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Donald J. Sobol is an award-winning author of more than 65 children's books. His Encyclopedia Brown series was first published in 1963 (Encyclopedia Brown, Boy Detective) and hasn't been out of print since. In fact, it has been translated into over 12 languages around the world. Like Encyclopedia Brown, Sobol and his wife Rose (also a children's author) live in Florida
Leroy Brown, son of the Chief of Police of Idaville, Florida, was dubbed Encyclopedia by his father because of all the facts he knows. Each time the Chief was stumped by a case, Encyclopedia would solve it at the dinner table. Encouraged by his success, Encyclopedia opened his own detective agency, and ten of his cases are presented in each book (one per chapter), with clues for the reader to solve. If you`re stumped, Encyclopedia will help you out with the anwers in the back of the book! Encyclopedia is assisted in his investigations by his best friend, Sally Kimball. The villian in many of the stories is Bugs Meany.
Books featuring Brown are subdivided into a number, usually ten or more, of possibly interlinked short stories, each of which presents a mystery. The mysteries are intended to be solved by the reader, thanks to the placement of a logical or factual inconsistency somewhere within the text. This is very similar to the layout of Donald Sobol's other book series, Two-Minute Mysteries. Brown invariably solves the case by exposing this inconsistency, in the "Answers" section in the back of the book.
Often these books follow a formula where the first chapter involves Brown solving a case at the dinner table for his father, the local police chief in the fictional town of Idaville. Encyclopedia solves these cases by briefly closing his eyes while he thinks deeply, then asking a single question which directly leads to him finding the solution.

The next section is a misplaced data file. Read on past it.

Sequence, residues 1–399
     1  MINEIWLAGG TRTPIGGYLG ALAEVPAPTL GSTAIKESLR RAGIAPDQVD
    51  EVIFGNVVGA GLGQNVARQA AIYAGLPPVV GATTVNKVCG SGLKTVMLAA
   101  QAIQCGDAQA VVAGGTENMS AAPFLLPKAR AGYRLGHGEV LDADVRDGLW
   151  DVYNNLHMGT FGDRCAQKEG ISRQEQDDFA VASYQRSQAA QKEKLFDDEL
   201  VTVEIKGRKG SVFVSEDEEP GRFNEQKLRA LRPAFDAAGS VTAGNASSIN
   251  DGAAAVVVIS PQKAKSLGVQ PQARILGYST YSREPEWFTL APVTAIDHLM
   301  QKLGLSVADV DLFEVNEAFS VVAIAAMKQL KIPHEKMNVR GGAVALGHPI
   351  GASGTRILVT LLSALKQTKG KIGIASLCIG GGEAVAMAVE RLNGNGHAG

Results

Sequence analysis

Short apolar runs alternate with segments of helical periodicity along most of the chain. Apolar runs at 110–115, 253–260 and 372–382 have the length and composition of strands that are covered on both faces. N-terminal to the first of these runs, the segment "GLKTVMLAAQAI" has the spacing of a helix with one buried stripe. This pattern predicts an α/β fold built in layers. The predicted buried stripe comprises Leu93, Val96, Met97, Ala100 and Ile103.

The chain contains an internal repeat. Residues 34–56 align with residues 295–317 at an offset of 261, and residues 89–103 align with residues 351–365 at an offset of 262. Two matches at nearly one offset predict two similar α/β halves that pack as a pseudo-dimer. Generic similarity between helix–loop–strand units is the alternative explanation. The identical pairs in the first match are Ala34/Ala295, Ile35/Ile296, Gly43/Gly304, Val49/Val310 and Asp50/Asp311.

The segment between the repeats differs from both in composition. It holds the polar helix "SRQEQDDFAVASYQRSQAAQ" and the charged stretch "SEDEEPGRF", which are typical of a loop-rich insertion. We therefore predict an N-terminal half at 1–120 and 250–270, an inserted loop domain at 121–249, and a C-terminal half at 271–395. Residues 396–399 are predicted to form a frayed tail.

The second mystery often begins in the Brown garage on Rover Avenue, where Encyclopedia has set up his own detective agency to help neighborhood children solve cases for "25 cents per day, plus expenses - No case too small." This second case usually involves the town bully and mischief maker Bugs Meany, leader of a gang who call themselves the Tigers, who, after being foiled, will attempt revenge in the third mystery.
In the third mystery the plot involves Encyclopedia's partner, close friend, and bodyguard, Sally Kimball, the one person under 12 years of age to physically stand up to Bugs. She is the only reason neither Bugs nor any of his Tigers ever try to physically attack Encyclopedia. Encyclopedia tends to dislike anyone whom she has a crush on, possibly indicating that he has a crush on her. Also intelligent, Sally once attempted, in the first book of the series, to prove herself smarter than Encyclopedia by stumping him with a mystery of her own creation. However, she was beaten in the contest (although Encyclopedia admitted that she almost tricked him), after which she became his friend. In that story Bugs or his gang usually sets up some sort of trap to get Encyclopedia or Sally in trouble. However, as in the previous story, they make a key mistake that Encyclopedia exposes.
Later cases may find Encyclopedia assisting his father at a crime scene (rarely more serious than larceny, and Encyclopedia is always discreet when helping his father) or interacting with people around town, often exposing scams. One such example is a high school dropout and would-be con artist named Wilford Wiggins who spends time trying to dream up schemes to fleece kids out of their money. Like Bugs, his schemes have an inconsistency which Encyclopedia exposes.
In some cases it is Sally and not Encyclopedia who figures it out because in her words, "You are a boy." In other words, she notices things that only a female would find inconsistent. Sally further displays her intelligence in the various mysteries in that she often can deduce who committed the crime, or whether a certain person is lying, but she simply cannot always prove it.
1: Encyclopedia Brown, Boy Detective - 1963